Release date : 19 September , 2023
Genre : Horror, Sci-Fi, Thriller
Running Time : 1 Hour and 33 Minutes
OTT Platform: Disney+, Hulu
No One Will Save You Ratings & Review:
- latestmoviesreview Rating : (2.7/5)
- IMDb Rating : (6.5/10)
Director : Brian Duffield
Cinematography : Aaron Morton
Writer: Brian Duffield
Music : Joseph Trapanese
Star Cast : Kaitlyn Dever, Elizabeth Kaluev, Zack Duhame
Critics Reviews :
“The entire film’s tension is built on the score, the atmosphere, and very little dialogue (…) do I have issues with the script? Yes. However, Brian Duffield’s world-building is a visual spectacle worthy of a watch (…) Rating: ★★★ (out of 5)”– Ricky Valero: Ready Steady Cut
“‘No One Will Save You’ is at its best when it marries the tension of a home invasion thriller with the thrills of an alien abduction film”– Marya E. Gates: IGN
“[It] forges its own unique path and carves out its place among these beloved genre favorites with unique twists and a powerhouse performance from Dever.”– Samantha Coley
“A clever and well-crafted alien invasion story that would have absolutely slayed in theaters if not for Disney’s choice to dump it straight to Hulu”– David Ehrlich: IndieWire
Brynn is a bright young woman who lives apart from a neighborhood that has isolated her. Lonely but optimistic, she finds solace in the home where she grew up, until strange noises awaken her. They come from intruders who appear to be supernatural. What follows is an action-packed confrontation between Brynn and alien beings who threaten her future while forcing her to confront her past.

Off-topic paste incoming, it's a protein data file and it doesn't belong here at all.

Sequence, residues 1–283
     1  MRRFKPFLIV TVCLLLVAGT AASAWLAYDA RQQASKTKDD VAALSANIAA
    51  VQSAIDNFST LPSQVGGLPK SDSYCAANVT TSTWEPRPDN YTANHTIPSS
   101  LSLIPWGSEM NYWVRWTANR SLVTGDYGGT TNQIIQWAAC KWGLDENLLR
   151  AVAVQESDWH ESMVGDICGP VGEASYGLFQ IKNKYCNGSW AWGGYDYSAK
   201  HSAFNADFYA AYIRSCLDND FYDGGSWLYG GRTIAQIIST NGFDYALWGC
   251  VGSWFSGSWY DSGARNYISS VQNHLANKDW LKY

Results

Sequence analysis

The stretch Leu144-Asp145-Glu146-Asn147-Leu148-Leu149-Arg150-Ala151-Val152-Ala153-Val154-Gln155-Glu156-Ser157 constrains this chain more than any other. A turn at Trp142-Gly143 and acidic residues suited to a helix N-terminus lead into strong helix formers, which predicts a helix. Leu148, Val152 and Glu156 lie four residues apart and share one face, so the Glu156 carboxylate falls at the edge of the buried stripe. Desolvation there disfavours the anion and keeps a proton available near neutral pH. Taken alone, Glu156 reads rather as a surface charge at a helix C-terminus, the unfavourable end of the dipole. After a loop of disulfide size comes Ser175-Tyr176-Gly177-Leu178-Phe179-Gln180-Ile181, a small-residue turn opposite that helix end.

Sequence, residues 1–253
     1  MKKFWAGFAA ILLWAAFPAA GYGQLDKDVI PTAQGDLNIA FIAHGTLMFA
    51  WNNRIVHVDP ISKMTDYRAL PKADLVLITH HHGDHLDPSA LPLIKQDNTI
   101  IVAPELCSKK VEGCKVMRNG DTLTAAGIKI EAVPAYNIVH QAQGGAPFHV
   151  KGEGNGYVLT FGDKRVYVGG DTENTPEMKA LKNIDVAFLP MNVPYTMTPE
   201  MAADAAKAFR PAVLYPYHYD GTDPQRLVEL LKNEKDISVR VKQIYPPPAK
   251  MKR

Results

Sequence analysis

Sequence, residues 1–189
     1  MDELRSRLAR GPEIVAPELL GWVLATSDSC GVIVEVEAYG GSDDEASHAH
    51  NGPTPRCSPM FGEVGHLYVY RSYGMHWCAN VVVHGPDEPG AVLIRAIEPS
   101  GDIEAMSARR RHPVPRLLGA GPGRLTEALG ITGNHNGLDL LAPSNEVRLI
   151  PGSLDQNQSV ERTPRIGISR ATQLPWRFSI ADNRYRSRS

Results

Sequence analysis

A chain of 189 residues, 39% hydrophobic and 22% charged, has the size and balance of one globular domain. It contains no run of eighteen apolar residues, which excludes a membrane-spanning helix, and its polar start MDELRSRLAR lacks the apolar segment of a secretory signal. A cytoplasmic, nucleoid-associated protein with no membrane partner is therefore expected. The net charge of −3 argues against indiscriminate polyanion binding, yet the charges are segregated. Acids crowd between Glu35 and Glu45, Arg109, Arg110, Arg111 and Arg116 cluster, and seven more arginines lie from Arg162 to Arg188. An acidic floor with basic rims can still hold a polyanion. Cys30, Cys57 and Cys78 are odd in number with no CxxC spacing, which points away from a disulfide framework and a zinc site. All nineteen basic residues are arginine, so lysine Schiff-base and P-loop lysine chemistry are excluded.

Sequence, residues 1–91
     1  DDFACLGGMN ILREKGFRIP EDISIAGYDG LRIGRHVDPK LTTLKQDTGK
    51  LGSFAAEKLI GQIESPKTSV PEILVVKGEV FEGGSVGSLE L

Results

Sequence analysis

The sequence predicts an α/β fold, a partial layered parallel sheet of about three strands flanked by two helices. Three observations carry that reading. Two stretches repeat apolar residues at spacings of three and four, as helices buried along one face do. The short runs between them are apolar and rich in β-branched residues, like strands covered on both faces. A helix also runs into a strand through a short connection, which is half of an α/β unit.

The sci-fi horror movie “No One Will Save You,” the most recent feature from Brian Duffield, has a lot of potential. Brynn (Kaitlyn Dever) is cut off from her neighborhood. She works on trinkets, cooks, and dances by herself at home all day. However, this peaceful life appears to be upended when an unearthly creature breaks into her home, forcing her to face her history and the reasons behind her solitude as she tries to flee.
The originality of “No One Will Save You”‘s fundamental choices is its greatest asset. One line of understandable conversation appears in the entire movie, which is entirely sound-based. The first act centers on the invasion itself and uses diegetic sound to create a great deal of anxiety. Dial tones and a subtle creak in the floorboards are everyday things that Brynn hears as she stealthily moves through her house trying to avoid the extraterrestrial.
Because of Brynn’s brilliance, this sequence is even more compelling. She plays each move deliberately, strategically, and intelligently. She retaliates. She is a heroine you should support rather than laugh at. Duffield, meanwhile, masterfully exploits the design of the mansion to arouse dread and heighten anxiety. The lovely whimsy of the house we have grown accustomed to in the daytime transforms into a sickening sense of dread, from the inventive use of crevices and crannies to eerie, distorted shadows through hammered glass.